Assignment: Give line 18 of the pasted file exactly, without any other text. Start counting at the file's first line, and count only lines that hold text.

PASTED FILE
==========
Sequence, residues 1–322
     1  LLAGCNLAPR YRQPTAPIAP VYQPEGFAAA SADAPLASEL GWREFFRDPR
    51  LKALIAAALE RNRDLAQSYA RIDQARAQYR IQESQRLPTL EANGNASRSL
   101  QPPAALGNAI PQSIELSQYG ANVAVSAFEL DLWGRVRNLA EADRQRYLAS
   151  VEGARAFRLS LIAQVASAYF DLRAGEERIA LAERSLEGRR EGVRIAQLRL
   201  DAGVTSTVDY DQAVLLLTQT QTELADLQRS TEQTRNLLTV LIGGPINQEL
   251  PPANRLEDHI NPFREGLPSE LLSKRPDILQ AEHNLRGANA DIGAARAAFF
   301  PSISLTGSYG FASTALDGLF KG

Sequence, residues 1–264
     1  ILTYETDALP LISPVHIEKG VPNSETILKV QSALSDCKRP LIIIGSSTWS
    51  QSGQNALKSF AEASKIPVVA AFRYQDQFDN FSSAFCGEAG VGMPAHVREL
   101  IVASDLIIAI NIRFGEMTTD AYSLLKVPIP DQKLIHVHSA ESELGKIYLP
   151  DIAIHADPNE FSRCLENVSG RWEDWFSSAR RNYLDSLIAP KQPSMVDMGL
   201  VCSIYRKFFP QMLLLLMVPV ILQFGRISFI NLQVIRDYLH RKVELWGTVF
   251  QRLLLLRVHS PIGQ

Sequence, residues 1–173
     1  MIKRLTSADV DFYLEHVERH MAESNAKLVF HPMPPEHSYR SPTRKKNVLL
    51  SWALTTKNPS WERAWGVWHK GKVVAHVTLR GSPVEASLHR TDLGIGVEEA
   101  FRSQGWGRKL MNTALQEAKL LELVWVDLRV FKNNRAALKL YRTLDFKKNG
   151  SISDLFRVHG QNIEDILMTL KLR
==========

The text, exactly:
    51  SWALTTKNPS WERAWGVWHK GKVVAHVTLR GSPVEASLHR TDLGIGVEEA